Brave New World, based on the novel by Aldous Huxley is adapted by Roger Parsley at The Nottingham New Theatre. The adaptation explores the existence of a dystopian future in which the emotions, desires and inclinations of inhabitants are manipulated. A group of world controllers rule with the totalitarian mantra of Community, Identity, Stability, reinforcing the ideology that everyone belongs to everyone else. However, when an individual begins to feel unfulfilled and disconnected from the restricted, clinical environment, he sets in motion a series of events that discover cracks in the foundations…
Lenina (Izzie Masters), The Director (Leonardo Goodall), Fanny (Bethan Mullen) and Bernard (Arnaud Lacey) open the play by directly addressing the audience as members of a lecture hall. They preach the importance of test tube conception as a way of population control. By addressing us directly we are immediately transferred onto the stage and into the play with them, a clever technique to incorporate the audience from the open.
The dystopian world is conveyed by a series of clinical white projections on a widescreen projection.
One of the main characters, Bernard, is skilfully depicted by Lacey who separates himself from the rest of his colleagues through his restless body movements and stuttering, juxtaposed next to the authoritive figure of The Director. Both the characters uphold a plausible relationship through witty dialogue and employment of their surrounding space. This stereotypical employee relationship is juxtaposed with the rules that any person may ‘have’ another whenever they please. Masters also effortlessly conveys a frustrated Lenina as she wishes to be lusted after by Bernard, who finds the conditions inhumane. The complex correspondence highlights the immoral and impersonal nature of sex without love and equally blurs the line of consent.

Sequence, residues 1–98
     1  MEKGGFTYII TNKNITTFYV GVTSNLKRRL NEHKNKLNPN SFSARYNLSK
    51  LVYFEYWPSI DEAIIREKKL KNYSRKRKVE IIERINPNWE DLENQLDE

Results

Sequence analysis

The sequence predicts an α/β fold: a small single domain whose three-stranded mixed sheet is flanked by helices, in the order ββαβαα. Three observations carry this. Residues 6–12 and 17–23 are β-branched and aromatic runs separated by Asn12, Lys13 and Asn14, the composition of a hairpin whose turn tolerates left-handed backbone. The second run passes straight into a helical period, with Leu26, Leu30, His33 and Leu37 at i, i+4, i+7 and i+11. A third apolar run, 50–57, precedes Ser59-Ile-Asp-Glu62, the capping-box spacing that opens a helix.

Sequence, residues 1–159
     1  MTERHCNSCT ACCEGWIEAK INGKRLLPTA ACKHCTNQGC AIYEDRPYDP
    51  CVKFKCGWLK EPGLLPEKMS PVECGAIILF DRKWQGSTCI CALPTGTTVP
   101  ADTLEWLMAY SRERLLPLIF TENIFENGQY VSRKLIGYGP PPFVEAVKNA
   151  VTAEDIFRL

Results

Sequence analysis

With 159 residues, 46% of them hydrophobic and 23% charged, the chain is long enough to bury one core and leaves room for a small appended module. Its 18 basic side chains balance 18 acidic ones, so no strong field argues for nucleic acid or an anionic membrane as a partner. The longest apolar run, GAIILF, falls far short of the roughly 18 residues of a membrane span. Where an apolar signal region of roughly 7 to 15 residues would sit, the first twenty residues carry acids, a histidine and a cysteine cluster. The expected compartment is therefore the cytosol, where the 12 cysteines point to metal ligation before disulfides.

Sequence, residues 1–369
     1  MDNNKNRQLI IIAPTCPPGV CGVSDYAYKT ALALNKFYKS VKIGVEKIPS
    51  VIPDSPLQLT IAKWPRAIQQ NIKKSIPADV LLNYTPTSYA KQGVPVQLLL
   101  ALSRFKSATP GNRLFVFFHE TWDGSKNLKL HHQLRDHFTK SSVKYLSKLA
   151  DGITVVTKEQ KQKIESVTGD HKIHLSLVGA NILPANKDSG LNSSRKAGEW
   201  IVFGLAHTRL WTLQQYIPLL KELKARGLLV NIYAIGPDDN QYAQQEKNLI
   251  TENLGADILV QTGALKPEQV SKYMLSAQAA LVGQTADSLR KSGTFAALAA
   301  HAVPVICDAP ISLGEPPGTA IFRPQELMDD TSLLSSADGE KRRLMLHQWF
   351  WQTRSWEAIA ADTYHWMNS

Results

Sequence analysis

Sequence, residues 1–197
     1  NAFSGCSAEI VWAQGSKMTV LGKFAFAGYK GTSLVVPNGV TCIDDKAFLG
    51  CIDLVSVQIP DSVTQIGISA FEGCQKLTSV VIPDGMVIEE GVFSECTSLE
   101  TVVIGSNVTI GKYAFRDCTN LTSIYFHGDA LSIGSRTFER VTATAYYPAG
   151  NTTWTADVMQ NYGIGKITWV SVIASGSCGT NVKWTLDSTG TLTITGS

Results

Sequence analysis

The stage set is simple yet effective. The dystopian world is conveyed by a series of clinical white projections on a widescreen projection. The projector not only reinforces the reliance on technology but also successfully highlights the movements and positions of the characters. A highlight of the play includes the story navigated by the savage John, excellently narrated by Cameron Walker and mimed by Victoria Rudolph and Nicole Vigilance. The two actresses are silhouetted behind the screen and act out the clash of civilisation in a caricature like manner by enlarging and contorting their bodies against the stage lights. Alongside this superb use of lighting, the soundtrack was multi-faceted as the scenes and props were punctuated by sound effects, adding another layer of authenticity. Initiating the sound effects in perfect time with the stage directions is easier said than done. At times, more creativity could have been injected into the limited variety of costumes that occasionally seem banal.
What was lacking in costume was compensated by the emotional, intimate and evocative acting
Having said that, what was lacking in costume was compensated by the emotional, intimate and evocative acting throughout. Perhaps elaborative costumes would have distracted from the pertinent issues introduced and addressed. Brave New World abolishes life as we know it and introduces a future controlled by technology and medically regulated happiness. The talented cast successfully explore the multi-faceted ideologies of the human race in a digestible, dynamic and raw performance. An excellent portrayal of Huxley’s disconcerting future.